Accra, Ghana, 1995 – MORTAL KOMBAT TRILOGY
I am five years old. I’m a tiny brown girl with an awe for gore & braids for days. I’m in my cousin Ayo’s house and we are playing Mortal Kombat. I’m mashing the console so fast I’m pureeing my fingers, because I know that in the blur of buttons a secret magic is hidden – once I hit the sweet spot I’ll morph into Motaro.
It’s not looking good – Ayo is older, he owns the console and he’s a boy. He’s playing as some ninja prick, probably Sub-Zero. Sub-Zero minces around the screen, executing all sort of fancy moves that my five year-old brain can’t commit to memory. All I can do is mash. All I can do is mash, and die.
Until – at the last moment – it happens. I change into a rat horse demon with ram’s horns. I am 3x bigger than any other playable character. I backhoof the fucker in the face twice and it’s an instant K.O.
Do I know how I did it?
Do I fuck.
London, England, 1996 – MYST
I am six and I have moved back to London. I am in my mother’s office. I am playing Myst. It is beautiful and eerie. I explore. I point, and click. I walk into caves. I point, and click. I press buttons. I point, and click. Nothing happens, I see no-one. Once, I make a rocket take off.
Do I know how I did it?
Not a clue.
I’m twenty-five years old and I’m at new bae’s flat for Xbox & chill.
As an independent woman™ I slightly resent that I am being ‘shown’ the game by a boy, but nowadays when it comes to playing games I have very few other options. I am the little Lara Croft who lost her way and now only goes rock-climbing at the weekends. I still have braids for days but I’m too busy to read books any more, and I haven’t owned my own console since my Nintendo broke.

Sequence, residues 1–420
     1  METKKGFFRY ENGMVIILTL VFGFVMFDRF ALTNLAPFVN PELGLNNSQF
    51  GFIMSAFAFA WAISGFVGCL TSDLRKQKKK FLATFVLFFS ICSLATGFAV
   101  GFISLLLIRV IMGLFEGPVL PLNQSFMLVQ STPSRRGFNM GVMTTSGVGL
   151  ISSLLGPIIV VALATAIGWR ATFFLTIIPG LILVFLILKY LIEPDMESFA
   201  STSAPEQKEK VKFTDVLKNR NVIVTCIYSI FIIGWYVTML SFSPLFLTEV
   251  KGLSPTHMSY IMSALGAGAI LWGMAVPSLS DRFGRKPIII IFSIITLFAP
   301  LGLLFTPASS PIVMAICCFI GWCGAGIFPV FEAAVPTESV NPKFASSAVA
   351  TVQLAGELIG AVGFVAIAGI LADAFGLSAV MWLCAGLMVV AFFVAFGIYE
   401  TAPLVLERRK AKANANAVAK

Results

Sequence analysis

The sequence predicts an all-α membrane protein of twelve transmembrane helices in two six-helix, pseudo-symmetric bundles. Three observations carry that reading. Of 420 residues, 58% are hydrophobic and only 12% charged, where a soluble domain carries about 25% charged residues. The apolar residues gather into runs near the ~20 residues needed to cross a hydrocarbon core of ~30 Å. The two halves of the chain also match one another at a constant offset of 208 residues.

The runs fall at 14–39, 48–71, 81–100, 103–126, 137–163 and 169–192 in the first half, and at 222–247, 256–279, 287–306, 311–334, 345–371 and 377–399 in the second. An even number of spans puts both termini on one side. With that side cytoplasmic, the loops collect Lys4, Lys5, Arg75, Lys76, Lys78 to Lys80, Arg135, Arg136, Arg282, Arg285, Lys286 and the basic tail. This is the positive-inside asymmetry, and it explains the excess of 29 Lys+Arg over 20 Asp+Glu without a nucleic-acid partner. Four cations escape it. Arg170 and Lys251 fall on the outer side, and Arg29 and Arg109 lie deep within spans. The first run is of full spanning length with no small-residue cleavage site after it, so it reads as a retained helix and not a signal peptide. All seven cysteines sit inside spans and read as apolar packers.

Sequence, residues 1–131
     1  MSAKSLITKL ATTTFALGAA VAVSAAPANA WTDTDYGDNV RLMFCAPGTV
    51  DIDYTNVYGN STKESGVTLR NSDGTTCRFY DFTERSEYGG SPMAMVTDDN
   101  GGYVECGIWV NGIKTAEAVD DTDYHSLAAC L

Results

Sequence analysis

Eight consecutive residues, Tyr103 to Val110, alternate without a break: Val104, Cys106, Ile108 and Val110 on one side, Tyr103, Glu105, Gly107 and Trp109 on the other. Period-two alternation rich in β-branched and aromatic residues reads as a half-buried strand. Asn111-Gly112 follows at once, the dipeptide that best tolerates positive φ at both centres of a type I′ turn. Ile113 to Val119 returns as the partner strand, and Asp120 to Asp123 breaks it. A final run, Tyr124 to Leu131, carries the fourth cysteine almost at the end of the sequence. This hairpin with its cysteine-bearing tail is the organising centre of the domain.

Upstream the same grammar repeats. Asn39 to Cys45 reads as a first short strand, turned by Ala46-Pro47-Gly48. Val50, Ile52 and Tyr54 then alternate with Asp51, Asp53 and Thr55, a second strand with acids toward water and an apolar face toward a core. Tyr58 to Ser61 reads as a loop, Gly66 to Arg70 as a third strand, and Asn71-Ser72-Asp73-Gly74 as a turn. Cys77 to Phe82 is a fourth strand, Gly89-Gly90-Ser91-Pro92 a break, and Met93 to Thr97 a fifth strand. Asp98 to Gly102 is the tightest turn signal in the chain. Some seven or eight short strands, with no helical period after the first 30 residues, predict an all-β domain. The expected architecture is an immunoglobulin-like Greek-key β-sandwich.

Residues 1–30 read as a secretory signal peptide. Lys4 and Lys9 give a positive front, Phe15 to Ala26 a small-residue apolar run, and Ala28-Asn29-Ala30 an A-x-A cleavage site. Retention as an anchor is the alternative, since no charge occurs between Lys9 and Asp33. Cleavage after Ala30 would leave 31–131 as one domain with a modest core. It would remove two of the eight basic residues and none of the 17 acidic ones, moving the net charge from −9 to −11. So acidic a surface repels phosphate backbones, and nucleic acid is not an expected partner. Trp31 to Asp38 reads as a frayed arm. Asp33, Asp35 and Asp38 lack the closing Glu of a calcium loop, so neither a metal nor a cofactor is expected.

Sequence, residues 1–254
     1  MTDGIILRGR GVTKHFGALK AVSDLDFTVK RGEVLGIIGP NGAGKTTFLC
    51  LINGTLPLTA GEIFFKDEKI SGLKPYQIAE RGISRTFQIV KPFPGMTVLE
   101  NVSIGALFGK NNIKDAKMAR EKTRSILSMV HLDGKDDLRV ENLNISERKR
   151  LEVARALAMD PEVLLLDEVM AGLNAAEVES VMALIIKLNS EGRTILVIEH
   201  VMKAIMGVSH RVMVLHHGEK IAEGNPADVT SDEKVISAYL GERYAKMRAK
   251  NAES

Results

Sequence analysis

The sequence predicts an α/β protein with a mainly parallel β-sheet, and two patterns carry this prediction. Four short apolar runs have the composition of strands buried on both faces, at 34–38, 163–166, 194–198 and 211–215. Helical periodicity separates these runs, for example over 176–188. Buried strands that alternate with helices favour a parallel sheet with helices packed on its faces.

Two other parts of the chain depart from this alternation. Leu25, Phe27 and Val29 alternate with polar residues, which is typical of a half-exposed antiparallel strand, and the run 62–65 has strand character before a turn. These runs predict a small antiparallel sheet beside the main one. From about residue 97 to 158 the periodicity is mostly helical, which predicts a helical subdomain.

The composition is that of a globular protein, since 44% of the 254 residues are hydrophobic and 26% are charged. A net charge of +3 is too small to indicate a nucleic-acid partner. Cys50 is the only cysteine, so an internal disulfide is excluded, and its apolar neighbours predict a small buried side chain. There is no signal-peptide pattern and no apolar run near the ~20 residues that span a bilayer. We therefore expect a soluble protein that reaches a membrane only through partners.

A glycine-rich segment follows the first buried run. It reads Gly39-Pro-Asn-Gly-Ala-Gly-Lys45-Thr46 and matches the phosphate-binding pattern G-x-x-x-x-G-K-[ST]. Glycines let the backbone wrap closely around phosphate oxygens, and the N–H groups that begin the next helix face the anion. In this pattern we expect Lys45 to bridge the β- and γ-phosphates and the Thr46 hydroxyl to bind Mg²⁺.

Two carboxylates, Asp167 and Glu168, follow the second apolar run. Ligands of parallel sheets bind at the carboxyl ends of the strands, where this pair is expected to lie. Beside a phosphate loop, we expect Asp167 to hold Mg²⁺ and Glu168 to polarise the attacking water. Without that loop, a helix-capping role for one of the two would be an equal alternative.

My bread and butter were nineties/noughties kiddie staples like Crash Bandicoot, Spyro and Rayman. I had dalliances with PC delights like Desperados and Worms World Party. I showed up for The Sims, for Tomb Raider and Grand Theft Auto. But somewhere along the road I got sidetracked by puberty and General Certificates of Secondary Education. I strayed from the screen when games grew up, got sinister and sophisticated and subtle. I’m half-formed, a feral gamer with good instincts but no formal training. In terms of gaming fluency, I have a thirteen year-old vocabulary at best.
Dark Souls is ‘seriously scary’, bae tells me. And it’s hard. And it has fighting and role-play and magic. I expect it to be exactly my cup of chai, my RPG Tips. I don’t expect to have that much difficulty getting down & dirty with it.